Avoiding Disputes: Even on the Family Farm

Throughout the years the family farm has been a part of our agricultural landscape, owned and operated by the family and passed down through the generations.  These traditional farms don’t rely on contracts like large corporately owned farms, nor do they worry themselves much about liability.  The head of the family was a sole proprietor when it came to a farming business.  Once children grew old enough to take over they then helped with farm management until it was passed down to the next generation

Legal Informality In Agricultural Business:

The family farm was subject to a different tax code and requirements that the average working person, and the managed the accounting themselves.  It is vital that work with an agricultural attorney who understands these tax codes.  The IRS strictly enforces the rules and regulations surrounding farming operations.  While farmers tend to be more informal in their accounting processes, the IRS isn’t.  Managing a farm leaves you with very little time to devote to paperwork so let an attorney takes this burden off your hands.

The importance of a partnership agreement:

There are no legal requirements forcing you to turn your farm into a company and if you choose to work with family or a neighbor, as is often the case, there is nothing forcing you to put together a partnership agreement but you should.  Without a formally recognized partnership agreement, should there ever be a dispute you may not appreciate how the courts will rule on your case.  However an agricultural lawyer can put together an agreement that outlines the roles and responsibilities of everyone involved.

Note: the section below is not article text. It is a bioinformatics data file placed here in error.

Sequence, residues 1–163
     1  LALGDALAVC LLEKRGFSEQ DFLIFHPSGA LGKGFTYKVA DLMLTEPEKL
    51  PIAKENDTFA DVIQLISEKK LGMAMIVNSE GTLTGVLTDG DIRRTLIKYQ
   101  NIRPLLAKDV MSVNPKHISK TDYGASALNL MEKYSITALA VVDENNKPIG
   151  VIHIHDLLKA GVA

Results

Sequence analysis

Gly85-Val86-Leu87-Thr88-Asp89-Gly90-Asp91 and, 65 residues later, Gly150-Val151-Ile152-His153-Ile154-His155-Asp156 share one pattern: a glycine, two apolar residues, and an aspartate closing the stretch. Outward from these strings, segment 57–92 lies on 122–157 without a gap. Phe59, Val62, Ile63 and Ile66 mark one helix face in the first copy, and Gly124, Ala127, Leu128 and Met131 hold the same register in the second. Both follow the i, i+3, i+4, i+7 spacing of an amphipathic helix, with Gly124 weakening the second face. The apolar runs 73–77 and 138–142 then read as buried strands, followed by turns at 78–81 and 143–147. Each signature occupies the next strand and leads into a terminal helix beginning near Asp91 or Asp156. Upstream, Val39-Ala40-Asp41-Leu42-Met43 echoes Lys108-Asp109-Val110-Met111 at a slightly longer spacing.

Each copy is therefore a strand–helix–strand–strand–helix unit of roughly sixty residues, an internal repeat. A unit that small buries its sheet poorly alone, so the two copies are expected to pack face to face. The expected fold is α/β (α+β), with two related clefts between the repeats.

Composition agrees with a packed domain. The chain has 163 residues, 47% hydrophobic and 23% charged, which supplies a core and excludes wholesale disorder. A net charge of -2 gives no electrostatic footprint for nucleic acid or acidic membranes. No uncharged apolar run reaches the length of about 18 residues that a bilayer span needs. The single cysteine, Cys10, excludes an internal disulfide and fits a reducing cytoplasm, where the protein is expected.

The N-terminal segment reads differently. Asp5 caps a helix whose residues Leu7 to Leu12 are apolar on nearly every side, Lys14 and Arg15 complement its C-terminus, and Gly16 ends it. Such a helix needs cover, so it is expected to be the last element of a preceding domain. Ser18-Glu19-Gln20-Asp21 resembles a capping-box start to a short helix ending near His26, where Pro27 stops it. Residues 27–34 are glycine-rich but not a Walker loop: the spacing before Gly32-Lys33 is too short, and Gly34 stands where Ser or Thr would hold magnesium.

A case study in what happens without an agreement:

In this case, a father and his son ran a farm as a company. The son bought a neighboring farm and registered in his own name, from a company account with money to make the purchase, he later replaced. When the father died suddenly without a will, other family members argued that the neighboring farm had belonged to the company and that half of it should go to the father to be divided among his heirs

The court ruled that because the money used, was initially through a company account, it was assumed that the property was bought to add to the existing business, even if it was registered in the child’s name. If there were clear records indicating that money was lent to the child, the court would have reached a different decision. Following this decision, the son lost part of the neighboring farm. The message is…you need to work with a lawyer even when it is family.

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